So before you go on facebook, or vent to your friends about "those people" (whoever they are) make the effort to get to know one, or some, of them. You don't have to agree, but God does call us to love them. Unless they're an extremely unpleasant person, it's usually much easier to love someone once you know them.

Tuesday, November 12, 2013

Overcome Bullying with Good

As soon as you saw the word "Bullying" in the title you knew I was going to talk about the mess at the Miami Dolphins where Jonathan Martin has walked out on the team and accused Richie Incognito of bullying.

I really don't want to go into the details of this situation because its so messy I'm not sure that anyone really knows what went on. There've been many articles written on various facets of of this ugly mess:
  • Racism - A Jason Whitlock article HERE and a Shannon Sharpe rant HERE.
  • Violence - A report from NFL.com HERE.
  • Immorality - "Compulsory" meetings at strip clubs HERE.
  • A Destructive Locker Room Culture - Bringing in good influences. HERE
  • Defining Masculinity - a good summary article HERE.
The point I want to focus on today is the widespread response to Martin's bullying claim that instead of walking out on the team, he should have "stood up" to Incognito and bunched him in the mouth. According to this article even the Dolphins General Manager, Jeff Ireland, thought Martin's best course of action was to punch Incognito!

Have you ever heard the advice that goes something like, "Bullies are really cowards. Stand up to them and they'll back down." So if Martin responds to abuse with violence that will stop the violence? I just finished writing a blog post on a separate issue here that included the thought, "Sin never heals itself". Likewise violence isn't solved by more or greater violence.

I'm not saying that walking out on the team was the right solution. Maybe there were other avenues of redress available. I do not that violent retaliation was definitely not the best solution, or even a solution at all.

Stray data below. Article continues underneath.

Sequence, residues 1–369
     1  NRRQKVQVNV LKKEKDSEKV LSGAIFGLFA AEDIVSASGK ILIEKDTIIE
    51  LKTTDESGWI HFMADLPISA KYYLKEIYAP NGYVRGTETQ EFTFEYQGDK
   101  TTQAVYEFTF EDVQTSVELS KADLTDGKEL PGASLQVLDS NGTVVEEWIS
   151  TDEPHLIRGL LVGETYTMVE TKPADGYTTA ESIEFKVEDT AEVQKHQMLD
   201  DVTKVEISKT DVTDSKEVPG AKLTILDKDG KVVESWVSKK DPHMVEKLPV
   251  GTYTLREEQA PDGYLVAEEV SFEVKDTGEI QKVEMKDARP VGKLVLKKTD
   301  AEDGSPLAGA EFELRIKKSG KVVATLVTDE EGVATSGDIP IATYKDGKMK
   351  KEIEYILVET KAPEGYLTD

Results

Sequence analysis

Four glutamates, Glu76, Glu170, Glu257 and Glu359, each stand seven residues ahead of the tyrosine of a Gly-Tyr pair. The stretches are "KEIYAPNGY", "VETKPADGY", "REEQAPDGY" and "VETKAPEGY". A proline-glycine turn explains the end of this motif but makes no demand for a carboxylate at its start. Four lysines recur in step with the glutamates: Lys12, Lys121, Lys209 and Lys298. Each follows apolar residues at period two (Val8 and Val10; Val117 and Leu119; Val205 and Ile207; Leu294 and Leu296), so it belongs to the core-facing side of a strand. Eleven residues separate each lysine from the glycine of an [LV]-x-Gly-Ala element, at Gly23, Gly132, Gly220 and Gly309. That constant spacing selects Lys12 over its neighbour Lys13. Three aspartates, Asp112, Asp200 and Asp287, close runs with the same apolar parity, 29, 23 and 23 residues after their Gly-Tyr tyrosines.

I wonder if a Christian would handle this situation differently? God certainly gives us a few ideas to chew on in circumstances like this:
  • Do not resist an evil person. If anyone slaps you on the right cheek, turn to them the other cheek also. (Matt. 5:39)
  • I tell you, Love your enemies and pray for those who persecute you, that you may be children of your Father in heaven. (Matt. 5:44-45a)
  • Do not repay anyone evil for evil. (Rom. 12:17a)
  • Do not be overcome by evil, but overcome evil with good. (Rom 12:21)
I wish I had "5 Easy Steps" for putting these teachings into practice. But this Martin - Incognito story demonstrates how difficult and complicated these situations are. There are so many times where it's incredibly difficult to decide the best specific path forward. Sometimes it means walking away from a situation and risking being misunderstood and called a coward. Sometimes it means reporting events to an authority and risking being called a snitch, and possibly losing some friends. Sometimes it means praying for evil people. Sometimes it means serving people we don't like.

Out of all the verses in Matt 5 and Romans 12 that relate to this issue, Romans 12:21 that most resonates with me. Do not be overcome by evil, but overcome evil with good. 

Do you believe God, really, deep down in your heart, that good is able to overcome evil?